After he had seen the whole house except my bedroom, I sat him down at the kitchen table. Washington growled, then let out a single deep-throated bark. The kid jumped. His knee hit the table, jingling everything. I held in my laughter and pulled Washington toward me and reassured him that Scott was our new friend. I could tell the kid was scared of him. Or me. Or both. “Do you have a problem working in my home with pets?”

“Not at all. I love cats,” he glanced at Washington, “And dogs.” He reached down and started petting Van Buren, demonstrating his love of dogs.

“Good. And when’s your birthday?”

He hesitated. I could tell he wanted to ask me why I wanted to know his birthday, but he didn’t. He was so new. “February 1st.” Jack of Spades. Jacks are creative, driven, intelligent… And the Jack of Spades is a one-eyed-jack, so he’s willing to bend the truth to get the job done. Success is more important to him than morality. One-eyed jacks make great assistants. Xander was a one-eyed jack. What else did I need to know?

“So you don’t have a lot of experience, why should I hire you?”

“Well, first of all, I’ll work twice as hard as anyone else,” It was not astonishing how many of them said that, and they all believed it to be true.

“Well, that’s good to hear.”

“No task is too great or too small.”

“Did they tell you to say that in college or did you read it on the Internet?” I smiled at him. He didn’t know how to answer. It was almost like a cartoon. He stammered, and said a few incomprehensible words, then… “I’m not sure where I heard the phrase first, but it’s true in my case. And I’m a huge fan of your work. The Crow was one of my favorite movies growing up.”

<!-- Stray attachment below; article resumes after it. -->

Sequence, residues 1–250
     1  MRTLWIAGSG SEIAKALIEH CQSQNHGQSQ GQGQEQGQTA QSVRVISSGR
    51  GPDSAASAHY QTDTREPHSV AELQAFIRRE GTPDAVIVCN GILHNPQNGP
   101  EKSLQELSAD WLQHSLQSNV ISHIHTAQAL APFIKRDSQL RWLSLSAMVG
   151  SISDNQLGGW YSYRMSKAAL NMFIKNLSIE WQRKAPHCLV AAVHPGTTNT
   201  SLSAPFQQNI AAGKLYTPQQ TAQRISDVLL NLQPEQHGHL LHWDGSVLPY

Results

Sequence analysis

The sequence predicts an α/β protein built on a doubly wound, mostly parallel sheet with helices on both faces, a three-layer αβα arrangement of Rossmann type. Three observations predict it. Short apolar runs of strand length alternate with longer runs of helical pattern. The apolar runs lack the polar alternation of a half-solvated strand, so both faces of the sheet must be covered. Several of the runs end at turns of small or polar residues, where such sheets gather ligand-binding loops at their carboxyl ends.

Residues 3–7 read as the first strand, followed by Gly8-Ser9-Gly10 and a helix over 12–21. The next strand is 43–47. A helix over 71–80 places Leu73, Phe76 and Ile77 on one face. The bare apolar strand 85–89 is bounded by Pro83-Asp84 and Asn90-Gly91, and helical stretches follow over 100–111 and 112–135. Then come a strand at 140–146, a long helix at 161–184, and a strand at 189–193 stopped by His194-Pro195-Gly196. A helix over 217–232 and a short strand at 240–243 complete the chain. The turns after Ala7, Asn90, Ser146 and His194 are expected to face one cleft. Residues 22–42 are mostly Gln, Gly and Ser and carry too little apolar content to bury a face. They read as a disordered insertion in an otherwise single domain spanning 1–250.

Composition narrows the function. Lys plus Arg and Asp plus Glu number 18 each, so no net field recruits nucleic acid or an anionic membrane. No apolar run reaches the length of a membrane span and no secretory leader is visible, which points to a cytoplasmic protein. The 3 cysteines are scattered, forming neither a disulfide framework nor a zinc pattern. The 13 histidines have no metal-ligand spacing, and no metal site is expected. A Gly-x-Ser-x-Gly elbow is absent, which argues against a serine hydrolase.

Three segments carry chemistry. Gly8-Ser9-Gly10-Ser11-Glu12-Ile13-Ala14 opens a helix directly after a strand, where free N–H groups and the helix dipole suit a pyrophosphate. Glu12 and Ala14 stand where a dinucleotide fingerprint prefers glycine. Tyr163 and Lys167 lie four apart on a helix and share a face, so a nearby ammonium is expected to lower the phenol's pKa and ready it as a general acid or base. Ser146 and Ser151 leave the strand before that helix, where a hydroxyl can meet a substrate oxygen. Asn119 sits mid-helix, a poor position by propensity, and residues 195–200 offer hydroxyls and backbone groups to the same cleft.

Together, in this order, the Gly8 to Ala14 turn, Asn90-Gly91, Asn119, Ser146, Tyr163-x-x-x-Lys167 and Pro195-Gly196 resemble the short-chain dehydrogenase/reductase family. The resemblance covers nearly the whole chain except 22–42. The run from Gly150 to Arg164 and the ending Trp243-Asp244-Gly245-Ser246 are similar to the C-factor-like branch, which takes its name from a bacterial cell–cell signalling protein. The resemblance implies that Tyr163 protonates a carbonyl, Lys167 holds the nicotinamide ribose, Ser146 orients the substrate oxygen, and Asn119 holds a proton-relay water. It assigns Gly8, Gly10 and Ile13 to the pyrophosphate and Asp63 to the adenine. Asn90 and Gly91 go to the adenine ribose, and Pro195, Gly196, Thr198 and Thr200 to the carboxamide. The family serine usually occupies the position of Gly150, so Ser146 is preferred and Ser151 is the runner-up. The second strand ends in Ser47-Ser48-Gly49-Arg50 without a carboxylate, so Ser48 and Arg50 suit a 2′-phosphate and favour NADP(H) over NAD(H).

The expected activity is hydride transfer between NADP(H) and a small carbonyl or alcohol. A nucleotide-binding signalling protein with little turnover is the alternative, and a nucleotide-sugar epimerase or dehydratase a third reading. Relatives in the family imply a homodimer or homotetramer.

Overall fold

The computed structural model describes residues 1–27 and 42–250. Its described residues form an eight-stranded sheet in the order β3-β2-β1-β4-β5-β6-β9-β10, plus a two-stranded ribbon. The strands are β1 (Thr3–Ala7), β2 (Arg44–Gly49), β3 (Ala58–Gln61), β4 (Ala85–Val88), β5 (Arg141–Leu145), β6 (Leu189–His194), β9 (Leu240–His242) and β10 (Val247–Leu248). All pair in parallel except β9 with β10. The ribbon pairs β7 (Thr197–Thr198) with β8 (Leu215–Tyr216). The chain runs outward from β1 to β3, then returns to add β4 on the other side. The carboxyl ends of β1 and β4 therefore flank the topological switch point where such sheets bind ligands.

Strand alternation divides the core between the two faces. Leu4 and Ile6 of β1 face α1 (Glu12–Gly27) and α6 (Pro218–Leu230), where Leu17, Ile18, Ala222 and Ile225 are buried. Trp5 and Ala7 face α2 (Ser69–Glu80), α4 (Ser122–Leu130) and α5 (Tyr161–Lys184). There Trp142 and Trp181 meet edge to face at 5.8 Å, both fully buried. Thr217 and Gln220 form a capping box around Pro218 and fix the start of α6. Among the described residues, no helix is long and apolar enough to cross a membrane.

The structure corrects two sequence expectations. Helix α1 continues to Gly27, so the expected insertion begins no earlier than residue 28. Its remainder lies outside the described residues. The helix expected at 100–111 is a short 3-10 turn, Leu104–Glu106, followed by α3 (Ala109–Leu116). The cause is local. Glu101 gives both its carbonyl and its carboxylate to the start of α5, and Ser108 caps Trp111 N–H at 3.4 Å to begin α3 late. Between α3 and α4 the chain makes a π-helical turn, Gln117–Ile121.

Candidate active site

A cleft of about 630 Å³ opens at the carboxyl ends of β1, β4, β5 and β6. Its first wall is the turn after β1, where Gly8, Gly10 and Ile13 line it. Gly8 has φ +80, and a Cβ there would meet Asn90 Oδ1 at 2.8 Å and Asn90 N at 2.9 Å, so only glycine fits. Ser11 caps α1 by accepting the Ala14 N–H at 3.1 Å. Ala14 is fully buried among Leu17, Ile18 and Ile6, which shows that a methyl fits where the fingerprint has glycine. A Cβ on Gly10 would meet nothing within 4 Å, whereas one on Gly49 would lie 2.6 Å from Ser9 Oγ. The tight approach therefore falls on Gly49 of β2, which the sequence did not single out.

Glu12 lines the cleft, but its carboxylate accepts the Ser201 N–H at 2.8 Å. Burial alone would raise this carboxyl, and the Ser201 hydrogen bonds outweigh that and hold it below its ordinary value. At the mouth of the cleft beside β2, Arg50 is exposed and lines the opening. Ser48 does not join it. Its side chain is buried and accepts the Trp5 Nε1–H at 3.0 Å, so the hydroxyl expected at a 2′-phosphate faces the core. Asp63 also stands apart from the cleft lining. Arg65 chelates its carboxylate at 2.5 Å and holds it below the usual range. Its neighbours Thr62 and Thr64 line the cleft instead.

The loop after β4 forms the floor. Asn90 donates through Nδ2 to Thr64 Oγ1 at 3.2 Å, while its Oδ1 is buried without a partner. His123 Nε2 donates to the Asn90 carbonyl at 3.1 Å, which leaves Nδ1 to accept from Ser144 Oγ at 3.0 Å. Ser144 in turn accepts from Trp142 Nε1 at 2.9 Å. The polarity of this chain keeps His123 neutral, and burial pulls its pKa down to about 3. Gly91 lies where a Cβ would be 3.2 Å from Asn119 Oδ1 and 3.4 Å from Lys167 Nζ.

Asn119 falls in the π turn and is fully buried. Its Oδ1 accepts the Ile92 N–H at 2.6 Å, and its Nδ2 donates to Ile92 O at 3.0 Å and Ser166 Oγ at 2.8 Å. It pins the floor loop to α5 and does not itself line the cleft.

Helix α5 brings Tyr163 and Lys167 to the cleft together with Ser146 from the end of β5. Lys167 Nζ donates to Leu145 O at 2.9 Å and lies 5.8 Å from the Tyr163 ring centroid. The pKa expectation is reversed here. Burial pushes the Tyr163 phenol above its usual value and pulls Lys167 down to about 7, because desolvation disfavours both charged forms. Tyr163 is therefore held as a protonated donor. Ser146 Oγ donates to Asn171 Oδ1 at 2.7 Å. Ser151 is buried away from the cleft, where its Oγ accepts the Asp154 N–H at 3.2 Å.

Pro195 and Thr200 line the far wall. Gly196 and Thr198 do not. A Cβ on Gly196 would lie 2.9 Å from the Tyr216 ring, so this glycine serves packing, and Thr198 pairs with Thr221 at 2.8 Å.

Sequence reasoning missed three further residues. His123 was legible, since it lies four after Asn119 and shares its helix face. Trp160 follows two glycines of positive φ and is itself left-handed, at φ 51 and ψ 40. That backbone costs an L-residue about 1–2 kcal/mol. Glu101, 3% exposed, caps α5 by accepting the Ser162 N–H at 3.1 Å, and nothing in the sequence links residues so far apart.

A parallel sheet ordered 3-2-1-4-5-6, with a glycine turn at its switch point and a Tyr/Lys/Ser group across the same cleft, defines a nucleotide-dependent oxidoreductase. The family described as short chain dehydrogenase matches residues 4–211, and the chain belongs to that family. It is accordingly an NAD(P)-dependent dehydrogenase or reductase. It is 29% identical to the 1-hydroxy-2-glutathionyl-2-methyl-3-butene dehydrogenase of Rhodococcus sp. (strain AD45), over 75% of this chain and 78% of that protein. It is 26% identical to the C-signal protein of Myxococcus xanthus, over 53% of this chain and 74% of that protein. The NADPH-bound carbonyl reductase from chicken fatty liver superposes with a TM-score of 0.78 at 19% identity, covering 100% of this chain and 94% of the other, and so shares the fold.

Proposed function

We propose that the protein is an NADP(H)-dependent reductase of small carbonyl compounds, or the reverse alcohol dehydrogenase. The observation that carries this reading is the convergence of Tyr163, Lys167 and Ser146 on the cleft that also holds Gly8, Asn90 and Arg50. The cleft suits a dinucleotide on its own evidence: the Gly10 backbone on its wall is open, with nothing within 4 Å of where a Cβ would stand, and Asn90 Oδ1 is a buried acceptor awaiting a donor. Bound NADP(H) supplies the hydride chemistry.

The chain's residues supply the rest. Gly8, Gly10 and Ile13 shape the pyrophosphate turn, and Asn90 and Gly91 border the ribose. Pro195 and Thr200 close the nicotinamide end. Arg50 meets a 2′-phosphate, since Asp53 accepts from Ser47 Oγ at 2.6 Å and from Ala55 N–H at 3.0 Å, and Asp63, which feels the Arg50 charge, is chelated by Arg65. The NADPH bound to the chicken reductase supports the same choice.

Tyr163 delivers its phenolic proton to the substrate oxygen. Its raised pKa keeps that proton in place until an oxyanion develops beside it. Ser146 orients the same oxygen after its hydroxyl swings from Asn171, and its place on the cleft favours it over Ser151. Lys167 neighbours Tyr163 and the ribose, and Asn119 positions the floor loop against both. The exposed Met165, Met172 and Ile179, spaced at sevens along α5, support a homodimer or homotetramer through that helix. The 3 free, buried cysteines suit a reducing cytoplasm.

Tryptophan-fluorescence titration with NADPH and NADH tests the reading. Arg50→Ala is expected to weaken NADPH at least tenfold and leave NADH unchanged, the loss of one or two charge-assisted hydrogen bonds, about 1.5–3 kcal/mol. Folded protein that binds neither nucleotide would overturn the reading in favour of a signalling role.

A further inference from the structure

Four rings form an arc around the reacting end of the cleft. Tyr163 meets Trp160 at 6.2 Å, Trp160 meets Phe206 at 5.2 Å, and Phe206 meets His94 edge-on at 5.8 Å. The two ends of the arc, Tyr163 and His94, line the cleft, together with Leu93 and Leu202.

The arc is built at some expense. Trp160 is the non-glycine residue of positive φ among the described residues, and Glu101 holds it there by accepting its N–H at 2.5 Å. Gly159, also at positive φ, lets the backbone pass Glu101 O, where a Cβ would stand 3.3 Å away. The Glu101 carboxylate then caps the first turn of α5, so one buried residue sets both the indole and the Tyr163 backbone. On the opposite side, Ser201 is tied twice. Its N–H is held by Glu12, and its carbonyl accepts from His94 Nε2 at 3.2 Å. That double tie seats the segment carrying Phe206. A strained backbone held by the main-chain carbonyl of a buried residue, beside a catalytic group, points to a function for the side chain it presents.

I smiled. “That was a fun movie to work on. Obviously, it stopped being fun at a certain point. With what happened with Brandon.” The kid just nodded, solemnly. I never met Brandon Lee.

“Do you know what an associate producer does?” I asked him.

“You put the whole movie together: find the script, match it with a director, help with casting, oversee the budget.”

“That’s what a producer does,” I explained to him. “What an associate producer does is harder to pin down.” I got a text right then from Mickey: I need your help. I texted back: Five minutes. I watched him for a minute. He maintained eye contact, tried a smile. I could tell he was too afraid to just ask me what the hell it is I do.

“Are you an actor?” I asked him.

“No… I think I want to be a producer, maybe a manager… Or both.”

“I don’t hire actors. So if you have even a fleeting interest in acting, forget it.” Then I told him the story of Shawn. “I had this kid working for me, black kid from Inglewood. His name was Shawn and I thought things were really going well for him. Then one day he calls me and asks if he can miss work because he has an audition for Blowin’ Up. Well, I guess he forgot that he had told me he wasn’t an actor, and – more importantly – that Mickey is a friend of mine.”

“Mickey Spatino?”

I liked that he knew that. It’s always good in an interview to drop just a first name and see if they can pick it up. “That’s right,” I answered, “So I called Mickey and I told him to make sure that Shawn’s name disappeared from the audition list. And when he came in the next day, there was someone else sitting at this kitchen table…” I gave that a minute to sink in. I knew he wasn’t an actor. I just thought it was fun to mess with these kids. And the only black Shawn I knew was a cat that ran away.